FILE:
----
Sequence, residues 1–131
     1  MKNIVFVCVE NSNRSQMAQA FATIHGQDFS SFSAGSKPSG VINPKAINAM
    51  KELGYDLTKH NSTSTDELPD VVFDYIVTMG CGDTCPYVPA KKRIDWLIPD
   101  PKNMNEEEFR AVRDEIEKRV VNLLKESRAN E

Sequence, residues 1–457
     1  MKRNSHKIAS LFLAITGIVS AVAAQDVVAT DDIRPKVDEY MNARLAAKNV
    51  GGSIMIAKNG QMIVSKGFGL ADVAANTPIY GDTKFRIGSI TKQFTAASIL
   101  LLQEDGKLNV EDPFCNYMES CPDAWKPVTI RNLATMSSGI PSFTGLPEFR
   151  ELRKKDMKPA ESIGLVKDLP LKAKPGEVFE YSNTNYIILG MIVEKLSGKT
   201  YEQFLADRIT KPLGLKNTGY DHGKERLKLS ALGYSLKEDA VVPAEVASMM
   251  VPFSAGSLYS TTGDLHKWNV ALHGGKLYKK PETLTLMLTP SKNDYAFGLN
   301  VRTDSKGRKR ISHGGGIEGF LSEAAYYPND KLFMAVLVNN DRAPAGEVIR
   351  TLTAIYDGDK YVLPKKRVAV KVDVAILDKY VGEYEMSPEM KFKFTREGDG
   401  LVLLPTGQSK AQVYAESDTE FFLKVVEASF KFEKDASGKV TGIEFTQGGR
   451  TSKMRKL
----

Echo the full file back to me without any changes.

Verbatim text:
Sequence, residues 1–131
     1  MKNIVFVCVE NSNRSQMAQA FATIHGQDFS SFSAGSKPSG VINPKAINAM
    51  KELGYDLTKH NSTSTDELPD VVFDYIVTMG CGDTCPYVPA KKRIDWLIPD
   101  PKNMNEEEFR AVRDEIEKRV VNLLKESRAN E

Sequence, residues 1–457
     1  MKRNSHKIAS LFLAITGIVS AVAAQDVVAT DDIRPKVDEY MNARLAAKNV
    51  GGSIMIAKNG QMIVSKGFGL ADVAANTPIY GDTKFRIGSI TKQFTAASIL
   101  LLQEDGKLNV EDPFCNYMES CPDAWKPVTI RNLATMSSGI PSFTGLPEFR
   151  ELRKKDMKPA ESIGLVKDLP LKAKPGEVFE YSNTNYIILG MIVEKLSGKT
   201  YEQFLADRIT KPLGLKNTGY DHGKERLKLS ALGYSLKEDA VVPAEVASMM
   251  VPFSAGSLYS TTGDLHKWNV ALHGGKLYKK PETLTLMLTP SKNDYAFGLN
   301  VRTDSKGRKR ISHGGGIEGF LSEAAYYPND KLFMAVLVNN DRAPAGEVIR
   351  TLTAIYDGDK YVLPKKRVAV KVDVAILDKY VGEYEMSPEM KFKFTREGDG
   401  LVLLPTGQSK AQVYAESDTE FFLKVVEASF KFEKDASGKV TGIEFTQGGR
   451  TSKMRKL